New York, NY (May 22, 2009)—New York Law School Professor Beth Noveck, an expert on the impact of technology on legal and political institutions, has been appointed the Federal Government’s Deputy Chief Technology Officer for Open Government. She will be based in the White House Office of Science and Technology where she will lead the Open Government Initiative.
On his first day in office, President Obama signed a memorandum, “Transparency and Open Government,” which calls for creating an “unprecedented level of openness in Government” and establishing “a system of transparency, public participation, and collaboration.” Professor Noveck served on the Obama-Biden Transition team’s Technology, Innovation, and Government Reform Policy Working Group.
Yesteryday, Professor Noveck, along with Vivek Kundra, Chief Information Officer, explained the Open Government Initiative and announced a three-phase public engagement process on the White House Web site regarding policymaking; first, the public is invited to suggest ideas for open government recommendations; second, the best ideas will be featured on a blog for discussion; and third the public will be invited to use a Wiki to draft recommendations collaboratively.
The White House also launched the Open Government Innovations Gallery which “celebrates the innovators and innovations who are championing the President’s vision of more effective and open government.” One of the programs featured as an example of how the government is engaging public participation is New York Law School’s Peer-to-Patent project, done in cooperation with the United States Patent and Trademark Office (USPTO). Founded by Professor Noveck, Peer-to-Patent opens the patent examination process to the public participation for the first time in patent history. It is the first social networking project with a direct link to decision making by the federal government.
Professor Noveck is on a leave of absence from her duties at New York Law School, which include being the Director of both the Institute for Information Law & Policy and the Democracy Design Workshop, while she works for the White House on this Open Government Initiative. She has taught at the Law School since 2002. She is the author of Wiki Government: How Technology Can Make Government Better, Democracy Stronger, and Citizens More Powerful, (Brookings Institution Press, June 2009).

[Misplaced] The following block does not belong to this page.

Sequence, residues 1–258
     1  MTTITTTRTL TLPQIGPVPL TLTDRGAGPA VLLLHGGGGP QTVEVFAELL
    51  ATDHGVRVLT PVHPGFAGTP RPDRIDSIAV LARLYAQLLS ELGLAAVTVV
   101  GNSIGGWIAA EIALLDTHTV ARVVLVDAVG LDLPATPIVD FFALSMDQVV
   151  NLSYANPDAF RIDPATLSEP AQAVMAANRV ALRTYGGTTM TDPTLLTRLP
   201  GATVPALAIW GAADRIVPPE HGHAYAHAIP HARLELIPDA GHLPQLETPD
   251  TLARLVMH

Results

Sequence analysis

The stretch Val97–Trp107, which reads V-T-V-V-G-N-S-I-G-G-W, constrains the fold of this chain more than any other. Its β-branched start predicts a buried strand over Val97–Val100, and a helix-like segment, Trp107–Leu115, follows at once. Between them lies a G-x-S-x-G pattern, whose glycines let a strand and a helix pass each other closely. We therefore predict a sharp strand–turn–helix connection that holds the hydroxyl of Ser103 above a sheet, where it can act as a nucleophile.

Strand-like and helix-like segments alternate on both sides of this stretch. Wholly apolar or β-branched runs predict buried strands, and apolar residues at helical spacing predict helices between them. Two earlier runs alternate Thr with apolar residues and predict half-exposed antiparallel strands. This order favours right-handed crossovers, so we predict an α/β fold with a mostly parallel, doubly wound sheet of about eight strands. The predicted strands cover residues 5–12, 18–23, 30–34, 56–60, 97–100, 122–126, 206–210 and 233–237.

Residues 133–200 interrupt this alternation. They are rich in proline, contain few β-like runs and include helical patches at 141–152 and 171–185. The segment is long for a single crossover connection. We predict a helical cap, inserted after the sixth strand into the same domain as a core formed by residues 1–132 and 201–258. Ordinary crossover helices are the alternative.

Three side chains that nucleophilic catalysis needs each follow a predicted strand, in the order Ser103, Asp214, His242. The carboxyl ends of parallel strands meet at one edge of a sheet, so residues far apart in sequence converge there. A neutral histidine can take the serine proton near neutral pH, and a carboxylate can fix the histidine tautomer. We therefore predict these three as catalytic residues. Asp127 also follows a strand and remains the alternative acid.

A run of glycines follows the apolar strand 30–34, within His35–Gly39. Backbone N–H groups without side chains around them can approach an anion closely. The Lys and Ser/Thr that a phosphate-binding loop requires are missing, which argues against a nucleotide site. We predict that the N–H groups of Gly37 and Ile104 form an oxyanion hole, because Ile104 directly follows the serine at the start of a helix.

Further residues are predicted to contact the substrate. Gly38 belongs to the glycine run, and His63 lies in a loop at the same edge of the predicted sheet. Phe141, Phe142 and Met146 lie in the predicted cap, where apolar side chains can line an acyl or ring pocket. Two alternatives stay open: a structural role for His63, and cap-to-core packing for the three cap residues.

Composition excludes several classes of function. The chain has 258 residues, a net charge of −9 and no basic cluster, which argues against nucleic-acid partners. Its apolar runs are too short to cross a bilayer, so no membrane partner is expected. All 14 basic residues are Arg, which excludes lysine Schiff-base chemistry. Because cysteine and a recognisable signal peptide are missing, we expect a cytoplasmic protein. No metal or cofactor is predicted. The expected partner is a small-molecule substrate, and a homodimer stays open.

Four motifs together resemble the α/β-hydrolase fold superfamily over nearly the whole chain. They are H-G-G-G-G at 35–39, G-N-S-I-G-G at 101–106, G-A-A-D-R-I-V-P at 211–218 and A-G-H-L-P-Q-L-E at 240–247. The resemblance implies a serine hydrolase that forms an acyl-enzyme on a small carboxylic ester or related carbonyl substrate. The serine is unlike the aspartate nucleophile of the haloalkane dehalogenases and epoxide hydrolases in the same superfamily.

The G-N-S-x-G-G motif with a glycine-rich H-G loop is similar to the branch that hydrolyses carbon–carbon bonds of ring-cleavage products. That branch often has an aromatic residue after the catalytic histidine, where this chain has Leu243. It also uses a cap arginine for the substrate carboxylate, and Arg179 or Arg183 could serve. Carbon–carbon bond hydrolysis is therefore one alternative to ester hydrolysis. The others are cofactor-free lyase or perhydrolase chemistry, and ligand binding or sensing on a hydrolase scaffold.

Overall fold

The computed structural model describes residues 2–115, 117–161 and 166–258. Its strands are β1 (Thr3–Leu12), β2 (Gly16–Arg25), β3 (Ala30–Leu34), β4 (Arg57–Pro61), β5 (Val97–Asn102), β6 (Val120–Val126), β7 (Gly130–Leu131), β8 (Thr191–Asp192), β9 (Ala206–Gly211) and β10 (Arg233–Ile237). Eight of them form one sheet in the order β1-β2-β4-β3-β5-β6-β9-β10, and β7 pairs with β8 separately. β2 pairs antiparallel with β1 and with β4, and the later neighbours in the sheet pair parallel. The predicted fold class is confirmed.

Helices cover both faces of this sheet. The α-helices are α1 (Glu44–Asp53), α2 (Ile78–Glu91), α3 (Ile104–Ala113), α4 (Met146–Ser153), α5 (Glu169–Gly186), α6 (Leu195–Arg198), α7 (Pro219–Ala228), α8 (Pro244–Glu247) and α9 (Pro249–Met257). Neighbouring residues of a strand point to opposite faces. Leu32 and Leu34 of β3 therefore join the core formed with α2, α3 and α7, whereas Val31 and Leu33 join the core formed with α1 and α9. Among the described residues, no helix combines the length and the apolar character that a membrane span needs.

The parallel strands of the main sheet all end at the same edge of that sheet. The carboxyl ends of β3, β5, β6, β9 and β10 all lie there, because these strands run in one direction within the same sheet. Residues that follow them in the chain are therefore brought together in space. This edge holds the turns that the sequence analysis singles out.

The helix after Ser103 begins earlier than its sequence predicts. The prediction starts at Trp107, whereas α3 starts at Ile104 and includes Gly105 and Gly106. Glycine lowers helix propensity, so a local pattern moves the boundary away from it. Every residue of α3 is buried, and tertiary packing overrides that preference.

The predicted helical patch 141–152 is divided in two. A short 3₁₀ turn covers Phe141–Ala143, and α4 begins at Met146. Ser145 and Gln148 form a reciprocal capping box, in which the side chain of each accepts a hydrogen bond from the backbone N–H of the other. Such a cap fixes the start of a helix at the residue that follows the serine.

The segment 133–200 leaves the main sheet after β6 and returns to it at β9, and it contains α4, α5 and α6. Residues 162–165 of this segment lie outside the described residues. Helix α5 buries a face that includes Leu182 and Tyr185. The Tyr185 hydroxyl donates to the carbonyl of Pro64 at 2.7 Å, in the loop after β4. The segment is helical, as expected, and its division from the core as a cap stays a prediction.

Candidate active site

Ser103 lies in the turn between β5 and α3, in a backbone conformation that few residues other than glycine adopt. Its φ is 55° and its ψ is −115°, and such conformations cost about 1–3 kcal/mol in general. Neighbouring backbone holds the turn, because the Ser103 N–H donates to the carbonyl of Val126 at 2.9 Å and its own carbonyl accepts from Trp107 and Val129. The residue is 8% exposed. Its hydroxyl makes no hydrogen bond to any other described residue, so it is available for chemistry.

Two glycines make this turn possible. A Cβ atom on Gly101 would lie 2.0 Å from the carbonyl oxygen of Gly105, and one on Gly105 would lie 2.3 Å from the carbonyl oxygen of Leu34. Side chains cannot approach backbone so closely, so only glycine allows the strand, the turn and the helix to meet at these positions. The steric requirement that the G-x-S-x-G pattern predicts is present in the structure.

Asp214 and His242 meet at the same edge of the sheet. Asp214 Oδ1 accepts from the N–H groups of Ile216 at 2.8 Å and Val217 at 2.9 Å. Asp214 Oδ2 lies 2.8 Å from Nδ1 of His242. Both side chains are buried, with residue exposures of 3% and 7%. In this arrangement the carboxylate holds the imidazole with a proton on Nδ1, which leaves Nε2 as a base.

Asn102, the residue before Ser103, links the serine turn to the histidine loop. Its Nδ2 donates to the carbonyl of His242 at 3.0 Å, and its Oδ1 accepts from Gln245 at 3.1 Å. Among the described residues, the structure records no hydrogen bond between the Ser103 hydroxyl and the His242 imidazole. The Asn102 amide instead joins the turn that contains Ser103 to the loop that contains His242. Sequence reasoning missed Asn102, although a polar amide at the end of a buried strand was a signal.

New York Law School has been training students to lead the conversation on open government work through one of its eight academic centers, the Institute for Information Law & Policy (IILP). One such initiative is the Democracy Design Workshop, this collaborative “do tank” allows students and faculty at the Law School and across institutions to work together in teams to develop legal and software code to foster open, transparent, and collaborative ways of working and governing.
About New York Law School
Founded in 1891, New York Law School is an independent law school located in lower Manhattan near the city’s centers of law, government, and finance. New York Law School’s renowned faculty of prolific scholars has built the School’s strength in such areas as constitutional law, civil and human rights, labor and employment law, media and information law, urban legal studies, international and comparative law, and a number of interdisciplinary fields. The School is noted for its eight academic centers: Center on Business Law & Policy, Center on Financial Services Law, Center for International Law, Center for New York City Law, Center for Professional Values and Practice, Center for Real Estate Studies, Institute for Information Law & Policy, and Justice Action Center. New York Law School has more than 13,000 graduates and enrolls some 1,500 students in its full- and part-time J.D. program and its Master of Laws (LL.M.) in Taxation program. www.nyls.edu
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